Five Steps to Choosing A College

One of the most stressful aspects of high school is choosing the right path once high school is over. For most of our students, that means a 4-year college or university. However, there are nearly 2500 public and private 4 year institutions in the US alone, so how do you choose the correct one? Here is a simple, 5 step process to get the ball rolling.

  1. Determine where you want to be. There are schools all throughout the US. You can decide the general vicinity of where you’d like to be, and then begin looking at options. We recommend starting to plan during the summer between sophomore and junior year. Some students choose to be close to home, while others want to travel and explore new parts of the country. Regardless of what you decide to study, odds are good that there are a variety of colleges in the region of your choosing. The school of your dreams in a city you hate is no longer the school of your dreams.

  2. Make a list of colleges in the area. Once you’ve determined roughly where you want to be, start compiling a list of colleges that interest you. Make sure you check out the programs of study that they offer. For instance, if you want to be at a school with an elite business program, only include schools offering business degrees on your list. You need a list of at least a dozen schools, since you’re going to narrow this list down over time. Make sure you have an even gradient of schools. Include some that are very competitive for your academic status, and others which you’re confident will accept you. Doing this is essential to ensure you have options and don’t end up attending the only school that accepts your application.

  3. Determine which schools on your list meet your desired learning style. While going through high school, you’ll inevitably fall in love with certain classes, and hate others. Spend some time trying to understand why, and then work to explore colleges that emulate the style you prefer. For instance, if you like small, intimate class settings, then going to a large state school will not be a good fit. Instead, explore nationally ranked liberal arts colleges, which typically have well-balanced student : professor ratios. Cross colleges off of your list that don’t meet your desired teaching style. This data is readily available online: you can see class size, student : faculty ratios, sports information, and other data that may impact your decision.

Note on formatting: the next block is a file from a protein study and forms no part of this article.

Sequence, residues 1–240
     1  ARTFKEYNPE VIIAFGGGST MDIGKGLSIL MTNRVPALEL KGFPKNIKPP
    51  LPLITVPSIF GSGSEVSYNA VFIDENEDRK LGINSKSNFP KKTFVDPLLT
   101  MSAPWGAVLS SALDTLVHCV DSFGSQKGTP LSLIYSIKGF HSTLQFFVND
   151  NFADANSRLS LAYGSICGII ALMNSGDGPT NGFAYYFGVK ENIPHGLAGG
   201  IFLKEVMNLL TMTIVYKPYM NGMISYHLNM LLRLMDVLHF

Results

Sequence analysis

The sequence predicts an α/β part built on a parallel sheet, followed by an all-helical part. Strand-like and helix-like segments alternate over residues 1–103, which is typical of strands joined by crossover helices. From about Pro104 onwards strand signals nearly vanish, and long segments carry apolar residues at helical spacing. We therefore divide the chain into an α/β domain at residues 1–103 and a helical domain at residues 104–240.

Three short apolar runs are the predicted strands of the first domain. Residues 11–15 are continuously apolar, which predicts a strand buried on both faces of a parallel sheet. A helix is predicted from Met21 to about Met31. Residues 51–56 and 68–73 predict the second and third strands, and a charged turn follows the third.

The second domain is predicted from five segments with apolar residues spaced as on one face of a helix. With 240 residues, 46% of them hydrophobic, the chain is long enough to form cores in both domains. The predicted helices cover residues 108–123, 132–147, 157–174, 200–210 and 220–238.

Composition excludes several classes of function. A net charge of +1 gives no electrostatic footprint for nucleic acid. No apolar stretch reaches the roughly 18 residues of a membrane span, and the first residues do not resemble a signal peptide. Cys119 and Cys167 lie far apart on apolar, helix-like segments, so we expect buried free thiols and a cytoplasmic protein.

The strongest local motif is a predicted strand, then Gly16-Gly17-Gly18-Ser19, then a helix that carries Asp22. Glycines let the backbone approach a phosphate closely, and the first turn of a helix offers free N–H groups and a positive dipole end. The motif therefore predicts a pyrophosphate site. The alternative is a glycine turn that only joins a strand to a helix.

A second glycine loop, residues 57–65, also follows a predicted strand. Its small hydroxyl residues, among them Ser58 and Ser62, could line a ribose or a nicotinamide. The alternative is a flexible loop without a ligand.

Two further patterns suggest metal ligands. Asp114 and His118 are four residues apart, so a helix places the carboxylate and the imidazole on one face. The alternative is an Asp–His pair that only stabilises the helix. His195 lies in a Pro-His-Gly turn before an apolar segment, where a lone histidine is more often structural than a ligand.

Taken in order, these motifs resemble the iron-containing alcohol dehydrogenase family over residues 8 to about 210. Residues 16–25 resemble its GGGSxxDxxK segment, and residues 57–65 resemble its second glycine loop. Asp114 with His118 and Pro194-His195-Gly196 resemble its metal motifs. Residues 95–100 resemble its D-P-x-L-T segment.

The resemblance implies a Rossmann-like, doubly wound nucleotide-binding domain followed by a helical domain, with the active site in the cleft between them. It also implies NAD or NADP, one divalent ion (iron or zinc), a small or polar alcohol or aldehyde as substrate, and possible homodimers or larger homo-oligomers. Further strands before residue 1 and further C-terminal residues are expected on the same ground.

4. Determine what academic requirements you need to meet. Once you have a short list of 8-10 colleges, determine what it will take to get into these schools. Find their average SAT/ACT scores, and aim to exceed these substantially. Having higher than average scores will increase your odds of being accepted, and also increase the potential for academic scholarships. Everyone wants to attend college for less, so this is a win for both you and your parents. Make sure you know all of the application requirements. Some colleges require additional testing such as SAT subject tests, and you’ll need time to prepare for these.

  5. Start visiting colleges your junior/senior year. While reading about colleges and watching videos is helpful, nothing compares to actually visiting these colleges. While visiting, try to get an understanding of what campus life looks like. Speak with current students. Some colleges have scheduled times for potential upcoming freshmen to visit and mingle with current students. Every college puts on a good face in their marketing videos, but speaking to students attending the school will give far more insight into what campus life actually looks like. Use this data to further dial in your college list for applications.

Picking which college to attend for 4 years of your life is stressful and difficult. Start with manageable steps and learn about colleges which genuinely interest you. Being satisfied with your college choice is very important, and will dramatically reduce the stress of the entire application process. Finding a school which echoes the values you find important will make you more likely to develop a passion for continuing your education. These five steps aren’t comprehensive. Each student should determine which aspects of the college experience are most important to them, and find colleges which meet those needs. Learning about colleges early on will be the best tool to ensure happiness during the fall of your senior year.

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